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Did England Poach Canada's Next Prime Minister?

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Mark Carney, the Bank of Canada governor who's been appointed to head the Bank of England, may go down in history as the best prime minister Canada never had. He joins three other Canadians who, in my time, have helped to recreate hallowed but troubled institutions in mother Britain.

Until the British announcement ended such speculation, Carney was the top pick of a handful of senior Liberal strategists to lead their party. He had experience running a complex keystone organization, the Bank of Canada -- and he ran it well. He had progressive views on important issues, too. For instance, he believes the big banks need to reinvest "dead money" to support jobs and growth. Moreover, Carney has Western and northern roots (he was born in the Northwest Territories, and grew up in Alberta).

Carney has a Harvard and Oxbridge background. He is bilingual, with George Clooney good looks, and the ability to deliver pithy sound-bites. Overall, Carney, 47, was seen as the very antithesis of Justin Trudeau, 40, whose most challenging management mission to date was teaching a high school drama class.

When Carney was first approached informally by the Grits, he was cagey. "I definitely don't want to answer that," he said. "Look, I'm doing my job ... I appreciate the great concern about my career, but I have gainful employment."

Why, then, did he slam his door on this opportunity, and belatedly accept the Bank of England job (which he reportedly already had declined once before)? In his memoirs, we may get the official story. Meanwhile, the best answer, in a single word, is: Twitter.

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Because any Canadian can vote in the online election for the new Liberal leader (you don't even have to pay a fee), Trudeau can expect many of his 169,000 (and counting) Twitter followers to vote for him. This suggests his total will be well into six figures. None of the other candidates will be able to match his cyber-clout. In my view, Trudeau has already won this race, short of a disaster of Petraeus-like scale.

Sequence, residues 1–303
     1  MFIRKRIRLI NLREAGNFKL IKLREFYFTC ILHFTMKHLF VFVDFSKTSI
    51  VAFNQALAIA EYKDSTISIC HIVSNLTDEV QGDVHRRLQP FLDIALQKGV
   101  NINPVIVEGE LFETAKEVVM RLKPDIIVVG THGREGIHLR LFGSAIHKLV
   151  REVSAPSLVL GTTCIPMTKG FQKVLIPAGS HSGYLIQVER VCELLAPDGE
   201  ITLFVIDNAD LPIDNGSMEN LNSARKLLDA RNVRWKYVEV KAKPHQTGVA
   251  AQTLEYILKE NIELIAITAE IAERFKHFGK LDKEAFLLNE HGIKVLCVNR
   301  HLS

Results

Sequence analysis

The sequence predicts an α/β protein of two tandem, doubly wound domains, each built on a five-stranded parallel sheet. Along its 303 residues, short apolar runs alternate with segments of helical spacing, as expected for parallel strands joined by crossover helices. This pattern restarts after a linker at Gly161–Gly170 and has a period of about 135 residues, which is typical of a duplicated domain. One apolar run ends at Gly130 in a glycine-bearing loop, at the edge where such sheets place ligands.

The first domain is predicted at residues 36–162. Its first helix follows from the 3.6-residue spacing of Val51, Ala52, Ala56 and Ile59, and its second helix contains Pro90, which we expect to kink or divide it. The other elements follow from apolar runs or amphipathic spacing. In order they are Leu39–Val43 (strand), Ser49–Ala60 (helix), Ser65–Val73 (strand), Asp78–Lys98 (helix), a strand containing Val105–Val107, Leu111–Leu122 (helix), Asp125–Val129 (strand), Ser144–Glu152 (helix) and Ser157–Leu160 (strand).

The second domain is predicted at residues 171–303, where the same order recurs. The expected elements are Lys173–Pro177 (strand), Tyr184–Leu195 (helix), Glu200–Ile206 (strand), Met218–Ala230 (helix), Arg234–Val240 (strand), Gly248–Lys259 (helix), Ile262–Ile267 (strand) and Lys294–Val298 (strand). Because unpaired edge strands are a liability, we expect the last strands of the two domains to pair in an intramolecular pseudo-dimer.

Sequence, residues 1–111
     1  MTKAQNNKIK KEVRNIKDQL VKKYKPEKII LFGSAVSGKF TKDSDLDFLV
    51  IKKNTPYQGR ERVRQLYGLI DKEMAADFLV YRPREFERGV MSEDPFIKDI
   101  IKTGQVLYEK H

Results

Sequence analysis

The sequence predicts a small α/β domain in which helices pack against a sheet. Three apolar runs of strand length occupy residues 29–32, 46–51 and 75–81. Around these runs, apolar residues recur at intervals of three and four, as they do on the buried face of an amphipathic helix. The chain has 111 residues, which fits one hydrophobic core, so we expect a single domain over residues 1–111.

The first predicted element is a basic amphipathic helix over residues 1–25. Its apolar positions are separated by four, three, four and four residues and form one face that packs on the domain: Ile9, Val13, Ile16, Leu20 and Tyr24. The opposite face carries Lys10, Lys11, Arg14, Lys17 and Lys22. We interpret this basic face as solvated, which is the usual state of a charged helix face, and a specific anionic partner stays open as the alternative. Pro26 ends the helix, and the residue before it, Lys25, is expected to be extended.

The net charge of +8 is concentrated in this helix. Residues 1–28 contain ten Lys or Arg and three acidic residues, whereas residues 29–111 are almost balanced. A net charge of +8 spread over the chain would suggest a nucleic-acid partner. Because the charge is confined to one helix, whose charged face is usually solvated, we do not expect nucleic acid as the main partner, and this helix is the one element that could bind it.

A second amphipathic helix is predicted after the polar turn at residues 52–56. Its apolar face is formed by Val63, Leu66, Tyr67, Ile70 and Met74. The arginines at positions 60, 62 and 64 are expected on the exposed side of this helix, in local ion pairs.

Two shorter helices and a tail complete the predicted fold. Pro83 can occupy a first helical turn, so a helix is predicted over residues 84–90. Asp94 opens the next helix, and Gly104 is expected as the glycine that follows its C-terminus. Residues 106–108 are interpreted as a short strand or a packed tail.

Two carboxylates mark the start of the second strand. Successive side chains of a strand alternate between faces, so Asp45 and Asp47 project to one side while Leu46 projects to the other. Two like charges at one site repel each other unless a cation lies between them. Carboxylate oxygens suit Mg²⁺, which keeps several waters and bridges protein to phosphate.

On Threadneedle Street, deep in the City, Carney will rule one of the pillars of British public service, the Bank of England, which was created in 1694. In the words of The New York Times, this could be the most important appointment in the bank's history. Carney, whose management style is distinctly proactive, will have greater powers than his predecessors because the Cameron government knows it cannot go on with business as usual in global banking.

Before Carney, the most powerful Canadian to be called to serve the British government was the press baron Lord Beaverbrook, an ardent promoter of Winston Churchill and the (British) Commonwealth in good times and bad.

The Beaver reluctantly accepted Churchill's call to serve briefly as the hyperactive minister of aircraft production, to build more aircraft for the RAF, whose needs had been neglected by the Tories in Churchill's wilderness years. Thanks to Beaverbrook, Britain had enough fighters, many of them flown by Commonwealth pilots, to win the Battle of Britain, a turning point on the road to total victory. He was, in Churchill's words, one of "The few."

Another Canadian who soared, for a time, in Britain's establishment was press lord Conrad Black.

The pillar of his profitable media empire was the boring broadsheet The Daily Telegraph, the unofficial house organ of the Conservatives. Lord Black recreated it from the predictable voice of the Home Counties into a lively, provocative rival to The Times, owned by another outspoken conservative-minded son of the Commonwealth, Rupert Murdoch. Thanks to Black, The Tely is a much better newspaper than The Times, which has been downsized.

The most recent Canadian import is a Newfoundlander, Moya Greene, former head of Canada Post. Since 2010, she has run an even older British government institution than the bank: the Royal Mail, created by Charles II in 1660. She has the almost impossible task of reinventing the post office in an increasingly paperless market. Greene and Carney will be the U.K.'s highest paid civil servants, earning base salaries of about $600,000 a year each.

And -- who knows? If Carney excels at the Bank of England and enters U.K. politics, he might succeed another Canadian as prime minister, New Brunswicker Bonar Law, the only foreign-born PM, who served for 211 days in 1922-23.

The Liberals were correct that Carney is prime minister material. But they never dreamed that the country could be the U.K.

This article previously appeared in the National Post

Raymond Heard was an editor on The London Observer, White House correspondent, managing editor of The Montreal Star and head of Global News.